I don’t have any of those original emails anymore, but they went something like this:
Hi there- My name is Jason. I'm a web designer in Tucson Arizona. I think your site is pretty good, but I think I can make it better. If you'd like, I'd be happy to put together a one page redesign of your home page to show you what I can do. It'll take about a week. Let me know if you're interested. Thanks! -Jason
As you might imagine, hardly anyone returned my email. But a few did. And one of those folks was Tim Knight, the owner of Prophet Information Systems.
Tim took me up on the offer, so I whipped up a quick redesign idea for him. Unfortunately I don’t have that work handy anymore, but ultimately it was good enough for him to hear me out on a complete redesign.
I pitched him a full site redesign (which I think was a few “templates” and a home page) for $600. He bought it. Tim became my first ever web design client. He was the first person to really bet on me like that. I’ll never forget that.
I can’t remember if I met with Tim in person before I delivered the first few design ideas, but we met a few times during the project. His company (which was just him) was based out in Palo Alto. So I’d find some time to head out there on the weekends in between classes. Or maybe I skipped classes, I don’t remember.
We went back and forth via email and phone and finally we landed on something we were both happy with.
So here’s the big reveal. Here’s my first ever commercial web design project from back in 1996.
The home page / splash page looked like this.
When you clicked enter, you went to a menu page. Remember when web sites had splash pages and menu pages? It was such a simpler, clearer time back then. Here’s what the menu page looked liked:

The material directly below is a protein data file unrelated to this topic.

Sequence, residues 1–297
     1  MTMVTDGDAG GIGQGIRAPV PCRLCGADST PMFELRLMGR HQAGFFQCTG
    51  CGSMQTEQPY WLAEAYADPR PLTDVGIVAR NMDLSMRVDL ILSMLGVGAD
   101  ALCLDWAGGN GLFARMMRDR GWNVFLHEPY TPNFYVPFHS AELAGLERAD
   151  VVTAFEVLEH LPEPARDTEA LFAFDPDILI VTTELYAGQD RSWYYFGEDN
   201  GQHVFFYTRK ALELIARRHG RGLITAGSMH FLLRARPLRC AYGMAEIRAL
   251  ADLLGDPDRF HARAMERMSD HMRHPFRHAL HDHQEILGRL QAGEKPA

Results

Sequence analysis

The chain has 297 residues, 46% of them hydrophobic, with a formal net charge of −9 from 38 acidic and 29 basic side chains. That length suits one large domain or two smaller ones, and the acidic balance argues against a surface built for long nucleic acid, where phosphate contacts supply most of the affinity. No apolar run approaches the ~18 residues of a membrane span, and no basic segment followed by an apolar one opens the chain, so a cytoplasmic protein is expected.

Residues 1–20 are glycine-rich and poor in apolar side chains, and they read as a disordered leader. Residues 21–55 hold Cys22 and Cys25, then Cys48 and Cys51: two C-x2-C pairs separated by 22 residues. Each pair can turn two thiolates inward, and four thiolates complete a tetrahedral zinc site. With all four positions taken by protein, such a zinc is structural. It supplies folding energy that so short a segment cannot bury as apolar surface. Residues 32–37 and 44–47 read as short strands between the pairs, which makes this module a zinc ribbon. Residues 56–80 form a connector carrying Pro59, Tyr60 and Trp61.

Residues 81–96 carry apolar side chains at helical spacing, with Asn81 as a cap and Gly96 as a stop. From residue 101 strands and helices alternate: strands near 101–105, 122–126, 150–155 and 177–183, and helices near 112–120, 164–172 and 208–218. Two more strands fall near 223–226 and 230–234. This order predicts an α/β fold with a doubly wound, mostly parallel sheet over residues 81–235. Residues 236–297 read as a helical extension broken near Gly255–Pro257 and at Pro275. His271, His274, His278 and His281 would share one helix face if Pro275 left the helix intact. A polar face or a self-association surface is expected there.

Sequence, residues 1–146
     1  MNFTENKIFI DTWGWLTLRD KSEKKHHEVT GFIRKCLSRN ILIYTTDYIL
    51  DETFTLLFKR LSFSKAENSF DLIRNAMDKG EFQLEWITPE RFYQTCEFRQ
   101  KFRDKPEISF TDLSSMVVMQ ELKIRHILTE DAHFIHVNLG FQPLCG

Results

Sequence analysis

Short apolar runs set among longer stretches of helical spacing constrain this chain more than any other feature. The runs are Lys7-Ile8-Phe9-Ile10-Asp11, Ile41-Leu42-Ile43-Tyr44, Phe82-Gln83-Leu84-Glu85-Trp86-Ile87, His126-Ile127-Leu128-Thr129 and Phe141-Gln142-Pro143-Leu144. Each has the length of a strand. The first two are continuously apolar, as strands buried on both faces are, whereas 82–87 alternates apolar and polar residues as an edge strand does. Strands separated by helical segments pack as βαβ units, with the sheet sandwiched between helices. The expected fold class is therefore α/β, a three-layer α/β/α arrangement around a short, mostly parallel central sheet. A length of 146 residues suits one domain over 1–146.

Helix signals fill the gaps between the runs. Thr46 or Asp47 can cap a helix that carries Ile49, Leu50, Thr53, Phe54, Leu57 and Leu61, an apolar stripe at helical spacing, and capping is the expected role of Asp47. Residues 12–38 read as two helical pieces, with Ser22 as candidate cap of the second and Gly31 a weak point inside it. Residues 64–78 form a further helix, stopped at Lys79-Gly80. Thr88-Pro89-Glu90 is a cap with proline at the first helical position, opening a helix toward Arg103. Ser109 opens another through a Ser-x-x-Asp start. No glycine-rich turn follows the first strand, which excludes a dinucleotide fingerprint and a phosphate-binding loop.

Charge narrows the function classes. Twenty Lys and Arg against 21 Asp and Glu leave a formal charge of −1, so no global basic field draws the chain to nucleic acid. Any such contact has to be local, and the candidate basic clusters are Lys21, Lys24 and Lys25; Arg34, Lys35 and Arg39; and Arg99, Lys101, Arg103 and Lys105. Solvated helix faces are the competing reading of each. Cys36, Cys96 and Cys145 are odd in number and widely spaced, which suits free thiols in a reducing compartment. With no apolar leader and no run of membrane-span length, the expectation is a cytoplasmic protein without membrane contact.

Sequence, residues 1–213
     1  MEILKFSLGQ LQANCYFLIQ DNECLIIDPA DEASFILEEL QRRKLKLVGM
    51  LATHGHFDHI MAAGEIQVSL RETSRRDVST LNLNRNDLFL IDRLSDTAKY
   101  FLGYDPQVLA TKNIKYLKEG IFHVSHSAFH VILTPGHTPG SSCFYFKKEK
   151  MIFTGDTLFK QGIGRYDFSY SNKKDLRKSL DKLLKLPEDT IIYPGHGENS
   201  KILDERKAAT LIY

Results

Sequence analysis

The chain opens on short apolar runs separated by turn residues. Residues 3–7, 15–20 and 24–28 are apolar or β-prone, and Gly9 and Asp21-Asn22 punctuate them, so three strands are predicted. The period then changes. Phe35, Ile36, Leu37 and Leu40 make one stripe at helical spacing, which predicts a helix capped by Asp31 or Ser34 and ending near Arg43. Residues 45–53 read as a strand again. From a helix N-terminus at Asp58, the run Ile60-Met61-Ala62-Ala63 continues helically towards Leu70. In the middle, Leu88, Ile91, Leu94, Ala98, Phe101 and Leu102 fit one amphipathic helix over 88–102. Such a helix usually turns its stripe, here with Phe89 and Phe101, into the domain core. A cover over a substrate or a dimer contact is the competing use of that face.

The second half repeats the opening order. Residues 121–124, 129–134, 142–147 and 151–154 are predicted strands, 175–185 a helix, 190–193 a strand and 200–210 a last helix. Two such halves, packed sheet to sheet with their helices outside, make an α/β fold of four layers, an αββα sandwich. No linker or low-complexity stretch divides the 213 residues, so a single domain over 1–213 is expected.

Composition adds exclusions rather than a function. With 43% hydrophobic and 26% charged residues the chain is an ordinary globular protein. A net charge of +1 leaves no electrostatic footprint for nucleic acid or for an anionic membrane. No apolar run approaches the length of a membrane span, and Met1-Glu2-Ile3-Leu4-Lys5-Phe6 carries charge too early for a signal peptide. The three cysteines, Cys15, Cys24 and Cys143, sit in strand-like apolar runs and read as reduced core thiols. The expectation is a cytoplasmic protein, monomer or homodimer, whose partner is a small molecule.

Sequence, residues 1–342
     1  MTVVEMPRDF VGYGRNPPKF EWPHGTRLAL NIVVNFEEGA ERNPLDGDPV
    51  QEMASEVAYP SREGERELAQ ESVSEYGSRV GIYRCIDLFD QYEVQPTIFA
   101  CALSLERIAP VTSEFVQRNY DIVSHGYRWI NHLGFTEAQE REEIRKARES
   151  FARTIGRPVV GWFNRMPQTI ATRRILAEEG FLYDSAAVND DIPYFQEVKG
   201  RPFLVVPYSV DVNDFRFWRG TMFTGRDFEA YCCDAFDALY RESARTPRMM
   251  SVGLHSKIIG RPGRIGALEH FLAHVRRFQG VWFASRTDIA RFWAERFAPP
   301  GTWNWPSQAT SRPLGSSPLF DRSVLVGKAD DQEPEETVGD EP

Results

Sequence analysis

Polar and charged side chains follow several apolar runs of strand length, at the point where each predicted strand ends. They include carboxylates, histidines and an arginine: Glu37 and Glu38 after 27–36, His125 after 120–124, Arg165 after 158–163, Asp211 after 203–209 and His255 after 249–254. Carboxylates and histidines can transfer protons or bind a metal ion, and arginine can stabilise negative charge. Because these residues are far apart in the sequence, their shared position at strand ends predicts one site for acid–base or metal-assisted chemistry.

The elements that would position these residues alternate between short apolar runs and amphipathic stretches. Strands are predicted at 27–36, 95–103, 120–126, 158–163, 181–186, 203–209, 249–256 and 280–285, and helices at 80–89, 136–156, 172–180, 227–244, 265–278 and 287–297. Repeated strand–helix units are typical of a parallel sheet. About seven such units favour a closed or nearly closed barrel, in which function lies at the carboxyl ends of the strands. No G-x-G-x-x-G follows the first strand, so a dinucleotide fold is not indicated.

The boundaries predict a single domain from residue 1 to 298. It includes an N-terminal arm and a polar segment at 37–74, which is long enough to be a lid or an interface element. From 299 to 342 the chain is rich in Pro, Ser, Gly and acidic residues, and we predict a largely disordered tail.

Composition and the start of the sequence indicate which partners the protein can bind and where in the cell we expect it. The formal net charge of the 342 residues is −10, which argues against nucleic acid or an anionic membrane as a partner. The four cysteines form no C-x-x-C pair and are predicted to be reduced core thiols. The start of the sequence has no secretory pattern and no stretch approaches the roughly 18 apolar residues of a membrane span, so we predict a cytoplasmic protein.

If you clicked one of the links, you’d end up on a page like this:
One of the things I really miss about that era of web design was the “links” page. Most sites back then linked up other sites that they liked or respected. It was a cool mutual admiration society back then. Companies weren’t afraid of sending their traffic elsewhere – we were all so blown away that you could actually links to other sites that we all did it so generously. Here was the links page at Prophet:
Last, one of the other things I really miss about that era was the ability to sign your work. There was often an understanding between the designer and the owner that you could have a credits page or a link at the bottom of the site showing who did the work. So here was the credits page (“Spinfree” was my freelance name):
You can actually walk through the whole site using the Wayback Machine. Here’s Prophet Information Services as it was in October of 1996.
It’s fun to look back and see where you started, who took a shot on you, how you did, and where you’ve been since. I’m so grateful that Tim saw enough of something in me to give me a chance (or maybe he just saw a cheap $600 price tag ;). Regardless, it changed everything for me.
Tim also taught me a lot about technical trading, so not only did I get $600 and my first client, but I learned a bunch too. I was a finance major, so it was fun to get some real-life exposure to technical trading. They didn’t teach this stuff in school, and Tim was a good mentor. I couldn’t ask for anything more. In the years after, I did a few more site designs for Tim at Prophet. He was a great client.
Here’s Tim today on LinkedIn. He blogs at Slope of Hope. In 2010 he wrote a book on technical trading called Chart Your Way To Profits. And to complete the small world loop, Tim has a show on TastyTrade network which is based here in Chicago. Good times.
So what about you? Who gave you your first shot? Who was your first client? Care to share some (embarrassing) early work?